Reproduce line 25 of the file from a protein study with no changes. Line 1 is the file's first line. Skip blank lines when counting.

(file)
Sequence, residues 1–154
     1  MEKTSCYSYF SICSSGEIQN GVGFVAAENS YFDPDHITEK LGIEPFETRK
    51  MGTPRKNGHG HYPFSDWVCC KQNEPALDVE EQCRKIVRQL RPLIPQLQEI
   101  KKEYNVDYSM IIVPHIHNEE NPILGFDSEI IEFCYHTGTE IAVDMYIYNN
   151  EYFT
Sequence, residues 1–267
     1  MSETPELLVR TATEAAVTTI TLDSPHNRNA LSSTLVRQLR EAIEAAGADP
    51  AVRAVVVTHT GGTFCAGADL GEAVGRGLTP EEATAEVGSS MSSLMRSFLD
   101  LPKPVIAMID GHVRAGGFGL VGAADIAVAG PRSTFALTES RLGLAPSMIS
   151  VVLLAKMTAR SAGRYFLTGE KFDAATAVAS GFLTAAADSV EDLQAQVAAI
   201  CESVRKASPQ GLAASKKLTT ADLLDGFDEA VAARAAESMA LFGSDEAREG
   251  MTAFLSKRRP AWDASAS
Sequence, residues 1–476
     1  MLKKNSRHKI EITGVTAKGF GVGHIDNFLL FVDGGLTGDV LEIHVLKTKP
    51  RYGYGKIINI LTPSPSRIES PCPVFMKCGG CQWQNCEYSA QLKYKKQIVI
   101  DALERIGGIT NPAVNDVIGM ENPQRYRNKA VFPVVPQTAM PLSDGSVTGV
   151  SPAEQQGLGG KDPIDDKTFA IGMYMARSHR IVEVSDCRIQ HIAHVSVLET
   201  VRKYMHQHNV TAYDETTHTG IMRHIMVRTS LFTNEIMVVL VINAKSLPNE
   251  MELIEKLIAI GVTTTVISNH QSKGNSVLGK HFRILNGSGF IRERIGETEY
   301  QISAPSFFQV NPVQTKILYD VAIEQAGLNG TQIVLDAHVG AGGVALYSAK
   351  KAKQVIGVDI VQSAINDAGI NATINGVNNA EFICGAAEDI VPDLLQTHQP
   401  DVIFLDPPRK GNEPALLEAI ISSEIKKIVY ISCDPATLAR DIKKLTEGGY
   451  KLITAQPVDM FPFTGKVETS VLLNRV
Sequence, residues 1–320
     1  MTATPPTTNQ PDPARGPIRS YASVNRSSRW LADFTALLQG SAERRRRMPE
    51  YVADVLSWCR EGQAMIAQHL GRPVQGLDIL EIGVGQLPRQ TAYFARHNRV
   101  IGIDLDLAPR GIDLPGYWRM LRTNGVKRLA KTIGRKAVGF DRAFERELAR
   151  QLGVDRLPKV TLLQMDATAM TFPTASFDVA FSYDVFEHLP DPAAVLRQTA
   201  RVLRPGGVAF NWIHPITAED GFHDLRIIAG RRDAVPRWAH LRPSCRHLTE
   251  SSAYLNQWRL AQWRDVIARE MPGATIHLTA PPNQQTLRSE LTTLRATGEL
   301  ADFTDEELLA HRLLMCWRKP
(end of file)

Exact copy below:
     1  MTATPPTTNQ PDPARGPIRS YASVNRSSRW LADFTALLQG SAERRRRMPE